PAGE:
[Re-writing] How to be Single

I just need to re-write this post  because of the recent events in my life that backfired at me. I am not single nor in a relationship now. I don’t have a term for it yet. Will get back to you once I figured this one out.

Rachel who is only six months old in Dubai and is already earning the salary of someone who has spent six years in the city, started doing her grocery a few weeks ago. She’s sending some huge “Balikbayan Box” (a package, most of the time filled with branded goodies sent to families) in the Philippines. She has also availed of a month long vacation to her hometown which is normally not granted to a regular employee. But because she’s a certified nurse and was so much blessed to land a government job [which is kinda big deal around here], she pretty much achieved everything she wanted in her career in a span of six overwhelming months. She must be floored by now with the outburst of surprises that she never new awaits her.

There was one problem though: The photo [which I removed deliberately for privacy purposes]. It was a photo of two couples, girls dragging their boyfriends on a grocery store while she – Rachel – was dragging a grocery push cart.


Taken a few weeks ago when all of us hit the cinema and she was the only single person among a downpour of couples. I was alone too because Sam works on Fridays. Alone but not feeling alone. I have someone calling in my mobile checking on me. I have someone to share my review about the movie later at night. Someone specific. Having been in her scenario for decades, I feel for her more than anyone else in the group. I had thirty years of experience of not having someone to share a pop corn or pepsi with.

Basically this image highlighted her inner angst on being single. She’s been whining about this “single-hood” since she lived with us. And though the guys thought it was a funny, harmless prank- and she thinks so too, I’m sure it bites her to a great extent.

I  can totally see fractions of my old self with her. I’m a hopeless romantic myself. That’s the problem with people like us. We ached to be with someone. Regardless of how many number of zeros are there in our pay check, we still crave for real love or anything resembling it, knowing that all material fascinations will only take effect in a matter of hours. It does not and will never completely compensate the amount of loneliness at night.

Rachel wants to travel. She wants to see movies. She wants to eat out. She wants to do all sorts of things. And she couldn’t. WHY NOT? She has all the freedom and the money in the world to do so.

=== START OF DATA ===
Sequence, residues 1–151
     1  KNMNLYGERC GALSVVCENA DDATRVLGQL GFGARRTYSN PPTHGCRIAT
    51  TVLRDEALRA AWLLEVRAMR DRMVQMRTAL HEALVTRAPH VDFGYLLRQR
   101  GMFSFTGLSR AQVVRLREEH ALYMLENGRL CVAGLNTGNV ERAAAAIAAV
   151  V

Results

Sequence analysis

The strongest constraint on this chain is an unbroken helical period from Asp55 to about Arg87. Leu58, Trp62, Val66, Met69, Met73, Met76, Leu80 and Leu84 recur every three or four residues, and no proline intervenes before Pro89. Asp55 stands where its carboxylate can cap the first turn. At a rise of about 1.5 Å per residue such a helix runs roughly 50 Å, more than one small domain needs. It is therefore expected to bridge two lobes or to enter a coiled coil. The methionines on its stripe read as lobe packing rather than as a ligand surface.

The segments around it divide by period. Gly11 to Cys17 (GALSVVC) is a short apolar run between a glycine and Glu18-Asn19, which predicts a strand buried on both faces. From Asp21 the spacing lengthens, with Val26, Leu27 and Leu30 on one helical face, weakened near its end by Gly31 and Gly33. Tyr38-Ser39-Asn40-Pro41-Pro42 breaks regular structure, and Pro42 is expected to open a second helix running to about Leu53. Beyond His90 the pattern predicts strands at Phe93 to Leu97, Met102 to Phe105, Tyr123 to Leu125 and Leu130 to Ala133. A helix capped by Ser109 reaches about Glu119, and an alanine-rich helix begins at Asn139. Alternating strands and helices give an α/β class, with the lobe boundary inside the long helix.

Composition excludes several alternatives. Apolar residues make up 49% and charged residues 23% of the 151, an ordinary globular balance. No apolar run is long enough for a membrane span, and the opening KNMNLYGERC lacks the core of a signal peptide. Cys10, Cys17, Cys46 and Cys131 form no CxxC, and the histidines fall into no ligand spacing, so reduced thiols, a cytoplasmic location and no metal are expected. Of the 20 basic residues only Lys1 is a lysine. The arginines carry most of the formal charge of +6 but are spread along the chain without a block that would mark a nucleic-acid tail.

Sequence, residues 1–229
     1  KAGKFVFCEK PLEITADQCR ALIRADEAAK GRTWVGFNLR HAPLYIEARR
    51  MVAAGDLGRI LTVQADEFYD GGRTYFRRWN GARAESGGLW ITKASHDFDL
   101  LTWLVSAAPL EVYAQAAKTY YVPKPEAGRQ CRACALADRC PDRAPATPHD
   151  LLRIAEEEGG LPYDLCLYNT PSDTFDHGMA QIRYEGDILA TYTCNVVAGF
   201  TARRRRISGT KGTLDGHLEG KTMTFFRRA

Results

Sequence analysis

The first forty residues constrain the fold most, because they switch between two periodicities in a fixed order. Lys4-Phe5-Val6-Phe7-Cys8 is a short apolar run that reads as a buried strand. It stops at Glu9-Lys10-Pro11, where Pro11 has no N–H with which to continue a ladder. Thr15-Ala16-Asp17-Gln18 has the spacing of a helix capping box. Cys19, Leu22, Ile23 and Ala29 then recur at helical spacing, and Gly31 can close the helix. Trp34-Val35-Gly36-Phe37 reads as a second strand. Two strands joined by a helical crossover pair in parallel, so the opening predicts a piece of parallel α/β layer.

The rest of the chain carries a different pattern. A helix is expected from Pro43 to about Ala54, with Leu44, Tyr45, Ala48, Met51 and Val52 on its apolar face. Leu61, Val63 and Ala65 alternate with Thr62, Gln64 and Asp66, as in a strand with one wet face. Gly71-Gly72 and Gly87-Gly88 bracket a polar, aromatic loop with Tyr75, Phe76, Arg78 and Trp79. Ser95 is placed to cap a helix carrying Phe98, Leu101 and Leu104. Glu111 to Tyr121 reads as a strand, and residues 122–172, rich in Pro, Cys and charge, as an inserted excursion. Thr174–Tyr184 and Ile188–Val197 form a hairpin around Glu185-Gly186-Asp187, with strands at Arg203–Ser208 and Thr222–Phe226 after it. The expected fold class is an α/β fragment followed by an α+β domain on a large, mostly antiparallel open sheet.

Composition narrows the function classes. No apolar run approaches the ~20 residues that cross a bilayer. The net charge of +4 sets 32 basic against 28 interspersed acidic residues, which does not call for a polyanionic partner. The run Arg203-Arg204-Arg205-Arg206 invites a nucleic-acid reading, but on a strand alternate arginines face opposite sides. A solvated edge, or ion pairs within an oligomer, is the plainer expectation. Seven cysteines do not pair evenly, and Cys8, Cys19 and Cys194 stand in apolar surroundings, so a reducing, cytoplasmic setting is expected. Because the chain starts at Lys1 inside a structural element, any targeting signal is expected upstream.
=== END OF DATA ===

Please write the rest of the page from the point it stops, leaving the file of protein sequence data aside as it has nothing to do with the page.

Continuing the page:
Every single person – regardless of gender is somehow prevented to maximize their capacity as humans. It feels like something’s always holding them back. They can play different roles to the optimum level in their career  but as an individual who thirst for companionship, they are repressed to liberate themselves from  what they are really made of. Flesh. Bones. Heart. Mind. Soul.

As the saying goes, you’ve got so much love to give but no one in particular to give it to.


My friend Katie told me once, that to be surrounded by family, relatives and friends gives so much joy that these relationships would suffice. But at the end of the day she comes home alone in her apartment because her sister, relatives and friends must go back to their respective homes. Her sister has her own family, and so are her aunts, uncles, cousins and friends. So technically she was just an extension of all of them. This is where she got stuck. After the Christmas presents are opened and the family dinner is over, she finds herself climbing in bed alone while her sister, aunts and cousins are cuddling in a huge warm blanket with their husbands and their kids. You can’t always forced-fit yourself to other people’s lives. You will never be their priority.

When you’re in your early twenties, you don’t get to rationalize these things. You still feel like you belong to a circle. You still feel [somehow ] even after graduation and finding a spot in the corporate world, that there’s still an inner child in you that belongs to a group – your family. You belong to your siblings. You belong to your parents. You belong to your grandma and grandpa, uncles and aunties. And they all belong to you. You have an ocean of people, sometimes overwhelming that you feel like drowning with their presence. Your dad wants you to get a slot in the firm and your mother doesn’t approve of your new boyfriend. Your sister just got engaged and your brother is having his first baby. They phone you on separate occasion to have family dinner. You are still part of everyone’s business.